Picture a steep hill of around 40° in the middle of a city covered in trash from years of neglect: a place where the local residents toss their garbage over a run-down fence. Animal decay and human feces perfume the area in one of the hottest places near the Equator. Enter in Los Olivos- a church in this city that desires to turn the city dump into their dream facility. Sounds impossible, yes? Well, don’t tell them that. Over the last few years, hundreds of churches around the world volunteered to help this task along its way. On July 9th, 2007, I went on one of those missions.
With 27 other members from the Bible Evangelical Free Church Youth Group, I embarked on a mission trip, and had no clue as to what I was getting myself into. Our team met at our church and left for Minneapolis, Minnesota. The next morning we boarded the airplane en-route to Houston, Texas, and eventually arrived in Guatemala City. I looked out of the window of the plane and I was in shock. The culture difference stunned me and made me question why I went on the trip in the first place, despite the head knowledge that I would be safe and would be getting the chance of a lifetime during this trip.
Our first taste of Guatemalan Culture happened when one of the church leaders came to the airport and showed us to our bus that was painted in colors I didn’t think a bus COULD be painted in. We drove to Sumpango in utter fear due to the pandemonium that consumed the streets. Not only did automobiles drive on the road, but pack animals and people shared the road too! We made it to Hotel Sumpango and Oscar, our representative from Los Olivos, introduced us to his church and city, and that evening we met with other leaders from the church. Even though the leaders could only speak Spanish, and most of us could only speak English, we found common interests despite the barriers and had a great time.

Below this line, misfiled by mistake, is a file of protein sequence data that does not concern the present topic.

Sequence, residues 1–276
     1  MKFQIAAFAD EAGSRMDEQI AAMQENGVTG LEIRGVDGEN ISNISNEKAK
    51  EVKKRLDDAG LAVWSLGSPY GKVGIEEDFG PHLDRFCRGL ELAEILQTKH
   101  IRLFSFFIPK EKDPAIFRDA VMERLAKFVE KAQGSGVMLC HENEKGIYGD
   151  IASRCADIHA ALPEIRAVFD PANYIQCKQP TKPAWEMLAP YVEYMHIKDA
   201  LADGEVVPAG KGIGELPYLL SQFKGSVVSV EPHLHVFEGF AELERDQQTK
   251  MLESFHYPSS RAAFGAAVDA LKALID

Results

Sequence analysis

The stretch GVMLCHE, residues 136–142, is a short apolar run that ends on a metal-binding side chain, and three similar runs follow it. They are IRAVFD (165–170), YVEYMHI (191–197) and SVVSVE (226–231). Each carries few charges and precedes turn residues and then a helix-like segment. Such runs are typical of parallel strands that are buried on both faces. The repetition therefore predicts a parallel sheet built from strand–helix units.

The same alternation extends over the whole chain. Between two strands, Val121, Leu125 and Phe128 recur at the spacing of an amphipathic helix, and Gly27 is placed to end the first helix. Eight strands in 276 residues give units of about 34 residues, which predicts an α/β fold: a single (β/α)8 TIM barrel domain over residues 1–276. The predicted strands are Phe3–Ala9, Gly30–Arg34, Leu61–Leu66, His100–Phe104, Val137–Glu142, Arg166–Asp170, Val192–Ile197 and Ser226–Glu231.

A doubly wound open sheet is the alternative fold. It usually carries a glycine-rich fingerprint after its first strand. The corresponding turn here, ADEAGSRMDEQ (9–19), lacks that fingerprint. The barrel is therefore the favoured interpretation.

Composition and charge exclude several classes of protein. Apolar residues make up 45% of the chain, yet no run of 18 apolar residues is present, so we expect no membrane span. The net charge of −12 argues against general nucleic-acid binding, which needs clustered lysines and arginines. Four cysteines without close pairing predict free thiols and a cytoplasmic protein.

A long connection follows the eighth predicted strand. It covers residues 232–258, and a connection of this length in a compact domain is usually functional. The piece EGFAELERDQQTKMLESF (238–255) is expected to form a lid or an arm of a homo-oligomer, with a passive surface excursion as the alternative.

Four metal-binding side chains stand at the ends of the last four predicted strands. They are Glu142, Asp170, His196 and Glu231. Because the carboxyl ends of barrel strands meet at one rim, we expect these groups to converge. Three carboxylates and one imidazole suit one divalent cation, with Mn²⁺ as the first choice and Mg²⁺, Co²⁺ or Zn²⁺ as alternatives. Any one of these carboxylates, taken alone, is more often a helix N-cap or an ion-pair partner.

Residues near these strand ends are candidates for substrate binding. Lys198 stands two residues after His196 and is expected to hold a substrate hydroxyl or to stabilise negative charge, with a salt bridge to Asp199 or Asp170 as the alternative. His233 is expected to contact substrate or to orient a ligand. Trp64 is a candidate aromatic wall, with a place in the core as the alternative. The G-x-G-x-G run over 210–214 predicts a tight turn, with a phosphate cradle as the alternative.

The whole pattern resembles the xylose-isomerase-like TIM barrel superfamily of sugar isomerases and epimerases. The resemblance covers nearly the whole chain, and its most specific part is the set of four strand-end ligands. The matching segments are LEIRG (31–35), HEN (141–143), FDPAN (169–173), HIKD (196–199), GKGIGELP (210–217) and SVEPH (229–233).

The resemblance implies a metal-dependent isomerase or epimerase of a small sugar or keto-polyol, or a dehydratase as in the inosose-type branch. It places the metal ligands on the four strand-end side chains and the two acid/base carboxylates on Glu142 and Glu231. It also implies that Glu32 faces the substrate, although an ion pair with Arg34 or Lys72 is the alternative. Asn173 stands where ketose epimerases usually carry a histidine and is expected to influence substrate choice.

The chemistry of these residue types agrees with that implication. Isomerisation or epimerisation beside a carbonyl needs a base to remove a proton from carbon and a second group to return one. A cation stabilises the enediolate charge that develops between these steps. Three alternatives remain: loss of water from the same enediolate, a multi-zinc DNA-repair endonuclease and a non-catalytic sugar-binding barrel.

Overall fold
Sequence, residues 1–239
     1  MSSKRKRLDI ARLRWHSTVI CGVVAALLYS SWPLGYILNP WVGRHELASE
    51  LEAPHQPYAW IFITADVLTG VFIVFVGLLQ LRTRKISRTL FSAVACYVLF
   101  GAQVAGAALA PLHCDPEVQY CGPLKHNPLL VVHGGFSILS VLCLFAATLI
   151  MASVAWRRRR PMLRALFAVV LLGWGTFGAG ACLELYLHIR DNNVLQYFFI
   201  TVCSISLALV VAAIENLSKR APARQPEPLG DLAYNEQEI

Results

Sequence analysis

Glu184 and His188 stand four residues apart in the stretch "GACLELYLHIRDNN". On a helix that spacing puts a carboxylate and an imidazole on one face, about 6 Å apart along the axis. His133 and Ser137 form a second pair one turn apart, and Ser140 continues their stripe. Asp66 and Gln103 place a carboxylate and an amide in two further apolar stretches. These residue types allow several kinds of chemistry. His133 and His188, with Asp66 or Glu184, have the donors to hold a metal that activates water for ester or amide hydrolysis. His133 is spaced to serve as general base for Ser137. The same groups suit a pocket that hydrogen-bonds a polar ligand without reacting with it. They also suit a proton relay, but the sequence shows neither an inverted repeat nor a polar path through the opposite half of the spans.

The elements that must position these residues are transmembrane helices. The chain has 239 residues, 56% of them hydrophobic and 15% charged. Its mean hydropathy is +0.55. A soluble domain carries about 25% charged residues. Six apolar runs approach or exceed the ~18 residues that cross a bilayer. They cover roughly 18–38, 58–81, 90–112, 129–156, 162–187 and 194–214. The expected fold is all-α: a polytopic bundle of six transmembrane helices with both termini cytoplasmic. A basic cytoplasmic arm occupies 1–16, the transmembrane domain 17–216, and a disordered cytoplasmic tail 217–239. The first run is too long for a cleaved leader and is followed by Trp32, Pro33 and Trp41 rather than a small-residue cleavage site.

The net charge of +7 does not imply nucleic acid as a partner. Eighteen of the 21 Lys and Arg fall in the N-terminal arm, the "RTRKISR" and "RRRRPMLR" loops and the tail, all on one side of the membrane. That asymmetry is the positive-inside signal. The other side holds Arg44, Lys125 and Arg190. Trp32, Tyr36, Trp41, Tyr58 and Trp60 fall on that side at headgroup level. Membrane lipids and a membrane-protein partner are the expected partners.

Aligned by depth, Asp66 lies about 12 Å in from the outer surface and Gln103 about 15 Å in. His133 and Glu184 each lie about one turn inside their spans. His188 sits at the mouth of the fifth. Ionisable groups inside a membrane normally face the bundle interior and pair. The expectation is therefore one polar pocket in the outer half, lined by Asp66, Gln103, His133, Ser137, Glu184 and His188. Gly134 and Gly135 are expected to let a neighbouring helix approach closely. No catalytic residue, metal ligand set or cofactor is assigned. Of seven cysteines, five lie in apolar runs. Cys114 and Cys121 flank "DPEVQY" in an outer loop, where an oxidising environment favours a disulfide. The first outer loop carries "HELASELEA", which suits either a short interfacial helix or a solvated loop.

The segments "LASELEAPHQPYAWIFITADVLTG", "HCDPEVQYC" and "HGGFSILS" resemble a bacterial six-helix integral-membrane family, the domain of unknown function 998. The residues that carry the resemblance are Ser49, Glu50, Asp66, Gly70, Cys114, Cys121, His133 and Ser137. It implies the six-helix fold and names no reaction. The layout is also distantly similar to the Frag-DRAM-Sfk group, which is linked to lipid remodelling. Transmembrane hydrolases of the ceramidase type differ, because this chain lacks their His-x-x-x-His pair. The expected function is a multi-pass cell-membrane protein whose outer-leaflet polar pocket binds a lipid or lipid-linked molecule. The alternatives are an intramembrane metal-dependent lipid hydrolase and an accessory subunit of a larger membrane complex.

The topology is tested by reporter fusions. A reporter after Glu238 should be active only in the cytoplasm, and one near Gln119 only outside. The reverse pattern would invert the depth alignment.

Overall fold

Our purpose for the trip was to help clean up the hill for three days. Other churches had come before us, but the hill looked as if no one had ever set foot there. We used machetes to cut the grass, then picked up the rotting trash, only to find several layers buried underneath. Some of the most interesting items discovered were a dead chicken, bones, decaying animals, and rotting diapers. Eventually, we were desensitized to the point where we could pick up anything without flinching. Every day, we stopped around noon for the day and broke up into smaller groups to walk around the city and meet people from the church of Los Olivos. Not only did we get an amazing tour of Sumpango, but we got to meet several people native to Guatemala and see how they live.
During the trip, we also experienced a market day in Sumpango, held a soccer and basketball tournament, toured the historic Mayan city of La Antigua and attended two church services. We came back changed, not only because we had the opportunity to help someone and do our small part in a bigger project, but our prospective of the world was changed. Coming back to the United States, we realized how rushed our lifestyle is, and that many times, we take for granted the beautiful things in life. Slowing down for one week completely changed my life, and I encourage everyone to do it, wherever you might live.
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